|1999 / ISSUE 57|
HUC-JIR has made history as the home and co-sponsor of Beit Midrash/A Liberal Yeshivah at the Jerusalem School. The study program immerses English-speaking Jews in the traditional texts and practices of Judaism. Requirements include a college degree, basic Hebrew proficiency, and the desire to study intensely in Jerusalem.
Rabbi Na'amah Kelman-Ezrachi, coordinator of the Beit Midrash and professor of Chumash, was delighted with the diverse nature of the founding class: David Nerenberg took a year's leave from his job in the Pennsylvania state government to study at the Beit Midrash, along with another American, Tamara Lawson-Shuster, who had been the Education Director at a synagogue in Ventura, California. These Americans studied with an Australian-born Israeli tour guide and a South African who had just made aliyah, among others.
"A learning and living Jewish community in Jerusalem is a very important statement for the Reform Movement," Rabbi Kelman-Ezrachi said. "It has implications for future Reform leadership, a leadership that's not necessarily rabbinic. [The Beit Midrash] has great implications in building a Reform Zionism. We're sending people back [to the Diaspora] who are going to be empowered by Jewish text."
The World Union for Progressive Judaism conceived of the project as a liberal answer to the Orthodox-oriented yeshivot like the Pardes Institute, which cater to American Jews who want the yeshivah experience in Israel. HUC-JIR became an active and full partner early on, offering its facilities and faculty. The Reconstructionist Rabbinical College and Leo Baeck College also contribute to the project. Rabbi Kelman-Ezrachi, who became Israel's first woman rabbi upon her HUC-JIR ordination in 1992, is a fitting leader for this historic step forward in Jewish education.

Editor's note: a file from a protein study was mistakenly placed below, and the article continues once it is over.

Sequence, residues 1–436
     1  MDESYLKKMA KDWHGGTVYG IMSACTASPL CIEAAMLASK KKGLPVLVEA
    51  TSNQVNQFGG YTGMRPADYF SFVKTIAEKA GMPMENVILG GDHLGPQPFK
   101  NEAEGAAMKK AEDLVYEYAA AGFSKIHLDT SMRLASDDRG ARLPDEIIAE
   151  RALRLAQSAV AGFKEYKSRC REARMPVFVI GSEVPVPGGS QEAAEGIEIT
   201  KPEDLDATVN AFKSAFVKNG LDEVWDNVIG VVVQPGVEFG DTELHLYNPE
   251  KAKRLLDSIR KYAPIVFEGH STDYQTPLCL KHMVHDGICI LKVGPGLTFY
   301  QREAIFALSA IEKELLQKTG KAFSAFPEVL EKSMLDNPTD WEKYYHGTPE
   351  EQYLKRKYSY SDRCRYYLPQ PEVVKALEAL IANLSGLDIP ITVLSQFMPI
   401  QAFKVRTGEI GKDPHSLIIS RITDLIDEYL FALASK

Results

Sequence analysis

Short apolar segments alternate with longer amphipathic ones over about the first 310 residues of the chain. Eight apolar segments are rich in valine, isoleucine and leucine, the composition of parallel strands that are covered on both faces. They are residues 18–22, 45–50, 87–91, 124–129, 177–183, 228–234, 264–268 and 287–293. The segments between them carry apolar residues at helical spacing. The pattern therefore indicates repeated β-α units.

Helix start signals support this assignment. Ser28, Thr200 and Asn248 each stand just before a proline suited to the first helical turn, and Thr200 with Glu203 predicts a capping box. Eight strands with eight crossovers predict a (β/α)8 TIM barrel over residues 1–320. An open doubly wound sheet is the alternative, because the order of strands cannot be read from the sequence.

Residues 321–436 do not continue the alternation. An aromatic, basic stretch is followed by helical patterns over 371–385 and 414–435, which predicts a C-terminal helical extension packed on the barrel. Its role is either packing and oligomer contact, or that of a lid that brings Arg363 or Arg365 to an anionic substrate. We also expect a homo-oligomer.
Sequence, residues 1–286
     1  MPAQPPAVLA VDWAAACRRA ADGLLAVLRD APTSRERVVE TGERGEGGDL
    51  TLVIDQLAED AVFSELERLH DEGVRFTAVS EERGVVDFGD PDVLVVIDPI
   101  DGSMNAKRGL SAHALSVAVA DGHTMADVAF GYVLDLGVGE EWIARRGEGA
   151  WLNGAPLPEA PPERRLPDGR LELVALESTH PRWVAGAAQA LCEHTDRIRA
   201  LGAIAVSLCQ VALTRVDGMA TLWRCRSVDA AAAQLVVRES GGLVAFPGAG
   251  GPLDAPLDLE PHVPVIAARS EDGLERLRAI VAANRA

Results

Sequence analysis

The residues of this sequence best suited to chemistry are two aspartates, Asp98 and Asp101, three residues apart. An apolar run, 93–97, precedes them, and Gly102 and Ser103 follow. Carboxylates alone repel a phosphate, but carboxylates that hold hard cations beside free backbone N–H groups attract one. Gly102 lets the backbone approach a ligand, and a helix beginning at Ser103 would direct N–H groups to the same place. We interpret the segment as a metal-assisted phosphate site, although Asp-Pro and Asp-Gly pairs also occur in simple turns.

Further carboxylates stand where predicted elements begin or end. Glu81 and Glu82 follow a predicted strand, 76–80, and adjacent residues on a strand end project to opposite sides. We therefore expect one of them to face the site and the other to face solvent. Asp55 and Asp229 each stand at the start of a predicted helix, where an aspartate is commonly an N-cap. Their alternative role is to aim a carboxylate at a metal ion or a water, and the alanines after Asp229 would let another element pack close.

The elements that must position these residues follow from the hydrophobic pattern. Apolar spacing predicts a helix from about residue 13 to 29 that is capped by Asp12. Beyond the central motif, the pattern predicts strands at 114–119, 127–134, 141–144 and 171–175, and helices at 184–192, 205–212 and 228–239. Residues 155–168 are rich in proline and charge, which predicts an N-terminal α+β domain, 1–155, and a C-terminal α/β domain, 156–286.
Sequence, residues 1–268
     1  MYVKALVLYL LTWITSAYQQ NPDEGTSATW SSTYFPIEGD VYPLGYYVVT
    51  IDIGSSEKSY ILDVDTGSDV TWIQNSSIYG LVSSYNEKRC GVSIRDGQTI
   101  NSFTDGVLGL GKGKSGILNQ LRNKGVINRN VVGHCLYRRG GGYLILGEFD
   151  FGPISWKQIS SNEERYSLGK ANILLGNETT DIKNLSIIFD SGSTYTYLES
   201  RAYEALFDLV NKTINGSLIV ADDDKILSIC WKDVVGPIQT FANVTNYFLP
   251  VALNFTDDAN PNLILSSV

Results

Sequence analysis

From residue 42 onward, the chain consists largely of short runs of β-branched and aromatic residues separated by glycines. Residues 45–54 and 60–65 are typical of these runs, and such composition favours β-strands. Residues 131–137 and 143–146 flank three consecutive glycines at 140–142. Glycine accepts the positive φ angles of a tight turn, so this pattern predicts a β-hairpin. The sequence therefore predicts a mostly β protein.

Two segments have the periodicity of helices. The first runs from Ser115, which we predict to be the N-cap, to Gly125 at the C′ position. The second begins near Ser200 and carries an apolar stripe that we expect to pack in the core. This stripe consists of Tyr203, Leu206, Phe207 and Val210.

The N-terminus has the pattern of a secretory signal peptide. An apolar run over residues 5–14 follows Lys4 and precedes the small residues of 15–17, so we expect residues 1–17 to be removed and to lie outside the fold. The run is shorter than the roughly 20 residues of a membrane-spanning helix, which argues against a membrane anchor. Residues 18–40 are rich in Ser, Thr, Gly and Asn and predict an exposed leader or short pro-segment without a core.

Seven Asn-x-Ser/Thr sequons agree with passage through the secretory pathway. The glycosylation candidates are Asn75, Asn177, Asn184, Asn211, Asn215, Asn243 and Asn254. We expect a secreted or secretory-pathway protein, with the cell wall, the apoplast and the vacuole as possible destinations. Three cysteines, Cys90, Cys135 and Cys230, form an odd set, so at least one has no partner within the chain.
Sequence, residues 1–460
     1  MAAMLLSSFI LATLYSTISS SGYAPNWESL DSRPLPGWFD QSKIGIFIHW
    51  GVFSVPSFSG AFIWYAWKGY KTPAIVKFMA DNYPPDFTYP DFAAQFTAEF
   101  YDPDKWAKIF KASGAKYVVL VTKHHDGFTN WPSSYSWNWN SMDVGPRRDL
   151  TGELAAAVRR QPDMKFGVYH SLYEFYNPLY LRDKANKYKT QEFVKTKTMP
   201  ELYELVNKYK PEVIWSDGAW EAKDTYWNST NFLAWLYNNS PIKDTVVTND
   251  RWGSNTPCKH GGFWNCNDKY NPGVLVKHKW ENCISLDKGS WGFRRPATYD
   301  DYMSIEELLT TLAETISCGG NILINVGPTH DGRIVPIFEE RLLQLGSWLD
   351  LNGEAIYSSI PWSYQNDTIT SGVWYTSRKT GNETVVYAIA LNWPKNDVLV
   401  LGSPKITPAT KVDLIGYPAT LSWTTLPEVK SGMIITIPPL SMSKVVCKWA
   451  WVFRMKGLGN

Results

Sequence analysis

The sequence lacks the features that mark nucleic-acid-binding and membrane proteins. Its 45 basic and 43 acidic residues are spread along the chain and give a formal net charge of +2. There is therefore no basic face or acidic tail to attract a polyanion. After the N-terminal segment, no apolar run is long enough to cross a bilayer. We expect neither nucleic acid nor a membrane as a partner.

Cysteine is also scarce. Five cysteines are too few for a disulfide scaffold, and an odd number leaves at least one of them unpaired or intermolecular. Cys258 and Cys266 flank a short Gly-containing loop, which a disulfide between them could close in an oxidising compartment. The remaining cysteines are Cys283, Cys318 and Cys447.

Course Work and Community
The Beit Midrash students read texts in the original Hebrew with the help of English translations and class discussions. In keeping with the pluralistic philosophy, students draw on a variety of interpretive sources. "We'll bring anything to a discussion," Rabbi Kelman-Ezrachi said. "From the traditional commentaries, to Bill Moyer's 'Genesis' TV-series or a feminist companion to the Bible. Our study tables are stacked high with books of different sorts!"
Members of the faculty run the gamut of Jewish affiliation, from Reform and Reconstructionist to modern Orthodox. HUC-JIR Professor Paul Liptz teaches Israel Studies, and Rabbi Moshe Silberschein, also on the Jerusalem faculty, teaches Midrash. Rabbi Kelman-Ezrachi suspects that the Beit Midrash may be the only yeshivah in history that has a 50% male, 50% female faculty. A full-time student undertakes a weekly course load of six hours of Bible, six hours of Talmud, and four hours of Midrash. These classes make use of hevruta (traditional study partnerships). "There is nothing quite so illuminating as exchanging thoughts on a text with a good partner," David Crowson, 27, commented. "A synergy builds and we can go places neither one of us could have conceived on our own."